Lot 3
  • 3

A possibly Spanish tapestry, The Fishmonger, after David Teniers, late 18th century and later

10,000 - 15,000 EUR
bidding is closed


Madrid workshop of J. van der Goten, from 'Fish-Quay'' after original composition by J. Le Clerc and J. van der Borcht, woven with figures on the quay-side, washing the day's catch and loading it on to a donkey, with two other figures standing in conversation, with the brickwork of the buildings behind in the background, with two niches containing standing stone sculptures of the Madonna and Child, and a male robbed, hated and staffed figure respectively, with narrow red and yellow banded inner border, and a four-sided border with entwined floral and foliate trail around a central stem and acanthus and c-scroll corner motifs, on a dark brown ground, with a further narrow outer yellow and gold guilloche and cabochon cornered border, and dark brown selvedge

Catalogue Note

Generally known as `Teniers' Tapestries, the extensive series were inspired by the paintings of David II Teniers (1610-1690) and depict everyday scenes of country life and commercial activities. They were immensely popular commissions from the late seventeenth century through to the middle of the eighteenth century. Few of the so called `Teniers' tapestries correspond exactly to a known original. The `Teniers' tapestries were woven by many Brussels weavers and also in Lille, Oudenaarde, London, Beauvais and Madrid.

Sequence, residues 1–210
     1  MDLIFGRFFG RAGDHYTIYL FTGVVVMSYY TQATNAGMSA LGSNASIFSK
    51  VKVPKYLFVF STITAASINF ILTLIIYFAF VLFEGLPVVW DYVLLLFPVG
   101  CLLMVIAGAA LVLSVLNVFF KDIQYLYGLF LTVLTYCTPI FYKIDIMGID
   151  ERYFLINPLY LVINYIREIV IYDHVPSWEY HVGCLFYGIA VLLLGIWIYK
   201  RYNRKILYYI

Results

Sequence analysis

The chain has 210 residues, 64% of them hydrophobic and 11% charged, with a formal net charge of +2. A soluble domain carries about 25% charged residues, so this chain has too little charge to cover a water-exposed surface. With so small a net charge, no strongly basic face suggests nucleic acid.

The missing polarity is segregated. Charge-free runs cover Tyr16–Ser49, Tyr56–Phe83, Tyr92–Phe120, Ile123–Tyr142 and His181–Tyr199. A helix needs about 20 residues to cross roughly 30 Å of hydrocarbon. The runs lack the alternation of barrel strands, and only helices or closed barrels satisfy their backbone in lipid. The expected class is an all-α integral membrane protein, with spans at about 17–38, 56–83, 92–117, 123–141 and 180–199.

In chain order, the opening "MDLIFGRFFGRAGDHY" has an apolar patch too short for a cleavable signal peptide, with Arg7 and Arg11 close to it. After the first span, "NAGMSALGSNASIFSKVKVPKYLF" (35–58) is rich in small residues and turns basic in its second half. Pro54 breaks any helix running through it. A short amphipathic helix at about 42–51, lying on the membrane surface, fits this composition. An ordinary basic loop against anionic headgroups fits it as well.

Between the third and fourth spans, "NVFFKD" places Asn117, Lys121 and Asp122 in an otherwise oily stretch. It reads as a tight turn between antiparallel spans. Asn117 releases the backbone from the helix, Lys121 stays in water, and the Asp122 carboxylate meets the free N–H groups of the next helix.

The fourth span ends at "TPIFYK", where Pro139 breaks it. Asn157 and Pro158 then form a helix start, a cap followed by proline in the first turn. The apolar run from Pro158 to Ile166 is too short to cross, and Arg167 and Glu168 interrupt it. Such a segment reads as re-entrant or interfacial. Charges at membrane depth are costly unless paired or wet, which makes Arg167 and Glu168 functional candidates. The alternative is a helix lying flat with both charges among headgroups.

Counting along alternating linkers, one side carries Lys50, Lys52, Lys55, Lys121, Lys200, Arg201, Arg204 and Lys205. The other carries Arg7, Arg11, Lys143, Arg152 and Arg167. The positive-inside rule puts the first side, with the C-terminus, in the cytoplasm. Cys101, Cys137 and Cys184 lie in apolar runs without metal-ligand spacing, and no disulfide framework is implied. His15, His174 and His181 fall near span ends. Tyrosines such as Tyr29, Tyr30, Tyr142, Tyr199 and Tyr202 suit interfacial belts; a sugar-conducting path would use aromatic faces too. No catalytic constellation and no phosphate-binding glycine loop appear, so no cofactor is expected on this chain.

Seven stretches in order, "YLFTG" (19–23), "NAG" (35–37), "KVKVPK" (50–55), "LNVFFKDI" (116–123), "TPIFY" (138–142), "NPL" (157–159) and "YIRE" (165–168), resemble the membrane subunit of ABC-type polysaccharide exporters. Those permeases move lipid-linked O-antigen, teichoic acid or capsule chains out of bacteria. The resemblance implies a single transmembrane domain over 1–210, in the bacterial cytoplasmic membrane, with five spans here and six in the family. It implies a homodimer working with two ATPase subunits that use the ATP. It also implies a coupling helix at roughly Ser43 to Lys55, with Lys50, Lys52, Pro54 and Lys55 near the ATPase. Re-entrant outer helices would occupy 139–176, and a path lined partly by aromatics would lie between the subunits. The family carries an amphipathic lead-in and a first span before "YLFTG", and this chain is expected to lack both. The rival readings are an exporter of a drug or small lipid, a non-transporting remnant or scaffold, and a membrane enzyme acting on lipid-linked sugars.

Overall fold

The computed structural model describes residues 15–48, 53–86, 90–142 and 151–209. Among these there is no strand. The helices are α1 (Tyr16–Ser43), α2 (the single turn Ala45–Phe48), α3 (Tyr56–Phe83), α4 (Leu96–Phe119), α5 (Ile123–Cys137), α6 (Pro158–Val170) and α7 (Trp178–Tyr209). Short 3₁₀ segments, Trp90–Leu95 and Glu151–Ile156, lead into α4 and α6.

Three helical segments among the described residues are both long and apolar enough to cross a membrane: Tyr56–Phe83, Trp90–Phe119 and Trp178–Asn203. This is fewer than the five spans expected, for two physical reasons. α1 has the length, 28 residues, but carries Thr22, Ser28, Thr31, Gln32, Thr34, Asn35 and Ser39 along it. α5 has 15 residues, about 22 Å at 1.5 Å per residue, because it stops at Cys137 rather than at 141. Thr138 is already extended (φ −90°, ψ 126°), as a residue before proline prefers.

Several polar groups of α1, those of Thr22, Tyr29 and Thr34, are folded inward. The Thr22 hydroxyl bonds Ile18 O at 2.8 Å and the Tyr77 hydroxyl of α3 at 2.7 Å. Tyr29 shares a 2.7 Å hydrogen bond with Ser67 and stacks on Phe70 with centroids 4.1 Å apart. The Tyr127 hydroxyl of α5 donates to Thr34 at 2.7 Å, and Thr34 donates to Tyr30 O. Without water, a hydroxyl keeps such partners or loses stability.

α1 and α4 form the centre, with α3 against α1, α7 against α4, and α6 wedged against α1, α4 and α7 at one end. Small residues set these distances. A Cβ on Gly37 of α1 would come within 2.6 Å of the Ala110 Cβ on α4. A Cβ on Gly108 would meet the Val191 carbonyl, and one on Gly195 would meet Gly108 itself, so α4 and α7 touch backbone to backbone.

`Fish-Quay', was a Teniers subject woven in Brussels in the workshop of  J. Le Clerc and J. van der Borcht, and the section in the present tapestry is in reverse from this composition which is a much more elaborate composition, scanning the quay-side, coastline and distant buildings and horizon. It is interesting to note the reduced section of the original composition used as a panel in its own right and to consider J. van der Goten and his sons who were Antwerp weavers who moved to work in the workshops set up in Santa Barbara in Madrid in 1720, and still in existence. The van der Goten's took the Teniers tradition, so popular in Northern European tapestry workshops, to Madrid.